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The usual instrument for telling time in antiquity was the sundial. This employed the shadow of a pointer cast on a surface marked with lines indicating the seasonal hours (one seasonal hour was 1/12 of the length of daylight at a given place: hours of constant length were used only by astronomers). The sundial was not commonly used until the 3rd cent bc, when the mathematical theory necessary for correctly drawing the hour‐lines had been developed. Before then the popular way to tell time was a crude shadow‐table, using the measured length of a man's own shadow.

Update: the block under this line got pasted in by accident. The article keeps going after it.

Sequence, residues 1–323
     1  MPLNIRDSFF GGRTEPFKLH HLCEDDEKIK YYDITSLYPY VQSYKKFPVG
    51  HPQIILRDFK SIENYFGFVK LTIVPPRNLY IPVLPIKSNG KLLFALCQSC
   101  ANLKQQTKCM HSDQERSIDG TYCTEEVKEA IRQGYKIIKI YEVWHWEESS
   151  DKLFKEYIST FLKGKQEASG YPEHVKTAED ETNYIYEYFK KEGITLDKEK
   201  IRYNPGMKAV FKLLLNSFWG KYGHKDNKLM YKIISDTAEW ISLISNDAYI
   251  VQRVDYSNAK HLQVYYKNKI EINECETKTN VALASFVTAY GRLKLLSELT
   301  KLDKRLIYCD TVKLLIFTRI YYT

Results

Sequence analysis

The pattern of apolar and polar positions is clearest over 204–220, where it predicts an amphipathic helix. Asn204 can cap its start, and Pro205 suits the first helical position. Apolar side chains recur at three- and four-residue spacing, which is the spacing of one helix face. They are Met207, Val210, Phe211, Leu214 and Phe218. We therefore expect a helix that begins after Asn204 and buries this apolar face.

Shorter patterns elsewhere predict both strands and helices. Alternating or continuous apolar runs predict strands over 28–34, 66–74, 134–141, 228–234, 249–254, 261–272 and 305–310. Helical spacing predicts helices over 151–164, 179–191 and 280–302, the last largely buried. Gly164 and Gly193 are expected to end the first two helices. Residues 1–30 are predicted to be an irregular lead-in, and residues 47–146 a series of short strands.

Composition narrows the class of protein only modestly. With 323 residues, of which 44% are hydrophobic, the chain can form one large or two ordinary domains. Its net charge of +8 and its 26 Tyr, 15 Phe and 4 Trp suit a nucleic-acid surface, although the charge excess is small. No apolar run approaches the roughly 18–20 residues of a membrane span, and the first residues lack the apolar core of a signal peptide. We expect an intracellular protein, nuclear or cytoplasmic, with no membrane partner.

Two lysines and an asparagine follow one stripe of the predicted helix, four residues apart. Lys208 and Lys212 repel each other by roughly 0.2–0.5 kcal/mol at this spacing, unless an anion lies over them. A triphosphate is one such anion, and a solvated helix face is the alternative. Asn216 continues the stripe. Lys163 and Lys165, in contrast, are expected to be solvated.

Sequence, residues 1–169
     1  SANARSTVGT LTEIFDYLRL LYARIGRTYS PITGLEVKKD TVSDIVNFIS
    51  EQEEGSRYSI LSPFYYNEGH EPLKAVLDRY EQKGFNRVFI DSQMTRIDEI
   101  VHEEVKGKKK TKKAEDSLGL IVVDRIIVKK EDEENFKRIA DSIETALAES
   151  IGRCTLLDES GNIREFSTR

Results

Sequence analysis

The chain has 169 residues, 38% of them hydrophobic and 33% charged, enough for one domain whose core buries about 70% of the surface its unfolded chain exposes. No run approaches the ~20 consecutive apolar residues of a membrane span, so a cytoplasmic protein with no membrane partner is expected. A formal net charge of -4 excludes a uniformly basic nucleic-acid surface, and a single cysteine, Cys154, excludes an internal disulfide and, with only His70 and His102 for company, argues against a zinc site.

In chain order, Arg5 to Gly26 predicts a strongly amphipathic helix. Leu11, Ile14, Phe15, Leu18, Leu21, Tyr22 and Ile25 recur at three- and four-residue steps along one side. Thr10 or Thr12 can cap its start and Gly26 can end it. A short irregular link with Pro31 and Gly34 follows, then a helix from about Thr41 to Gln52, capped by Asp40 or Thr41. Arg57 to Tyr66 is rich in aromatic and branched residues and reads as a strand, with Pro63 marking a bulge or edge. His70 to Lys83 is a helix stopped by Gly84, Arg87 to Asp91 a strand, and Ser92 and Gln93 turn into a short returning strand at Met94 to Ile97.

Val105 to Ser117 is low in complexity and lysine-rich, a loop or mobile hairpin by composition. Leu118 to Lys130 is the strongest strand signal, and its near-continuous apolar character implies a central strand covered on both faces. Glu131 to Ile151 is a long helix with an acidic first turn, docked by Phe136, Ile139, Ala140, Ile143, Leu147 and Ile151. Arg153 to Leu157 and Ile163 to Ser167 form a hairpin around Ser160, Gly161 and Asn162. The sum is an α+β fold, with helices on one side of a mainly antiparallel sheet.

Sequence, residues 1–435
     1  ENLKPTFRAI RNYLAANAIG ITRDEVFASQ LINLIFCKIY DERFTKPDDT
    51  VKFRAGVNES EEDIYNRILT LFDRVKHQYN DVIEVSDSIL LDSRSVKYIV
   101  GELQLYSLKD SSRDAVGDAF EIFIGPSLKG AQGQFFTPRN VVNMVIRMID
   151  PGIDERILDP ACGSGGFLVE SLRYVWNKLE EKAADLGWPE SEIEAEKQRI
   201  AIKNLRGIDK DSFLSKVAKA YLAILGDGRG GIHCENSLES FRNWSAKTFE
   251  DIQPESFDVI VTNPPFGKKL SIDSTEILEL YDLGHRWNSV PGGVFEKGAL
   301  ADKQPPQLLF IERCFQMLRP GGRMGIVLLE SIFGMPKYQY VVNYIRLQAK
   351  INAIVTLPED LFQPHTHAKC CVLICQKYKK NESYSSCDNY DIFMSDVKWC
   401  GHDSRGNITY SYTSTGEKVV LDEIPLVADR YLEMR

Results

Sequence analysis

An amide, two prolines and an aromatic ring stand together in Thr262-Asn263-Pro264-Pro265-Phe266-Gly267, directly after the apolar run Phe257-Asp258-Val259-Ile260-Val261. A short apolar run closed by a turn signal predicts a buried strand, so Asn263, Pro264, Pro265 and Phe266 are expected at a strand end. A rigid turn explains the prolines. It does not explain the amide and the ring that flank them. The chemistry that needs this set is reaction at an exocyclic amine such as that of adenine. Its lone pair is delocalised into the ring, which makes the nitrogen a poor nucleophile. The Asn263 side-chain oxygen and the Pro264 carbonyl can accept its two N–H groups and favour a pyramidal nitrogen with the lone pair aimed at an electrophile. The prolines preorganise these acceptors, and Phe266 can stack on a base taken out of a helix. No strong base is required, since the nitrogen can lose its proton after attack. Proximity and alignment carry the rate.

At night the ancients used the water‐clock, which measured time by the flow of water from a vessel. A primitive form was in use in Athenian courts of the 5th cent. bc, but accuracy was not achieved until Ctesibius (3rd cent.) invented a device to ensure a uniform flow. See time‐reckoning.

Subjects: Medieval and Renaissance History (500 to 1500).

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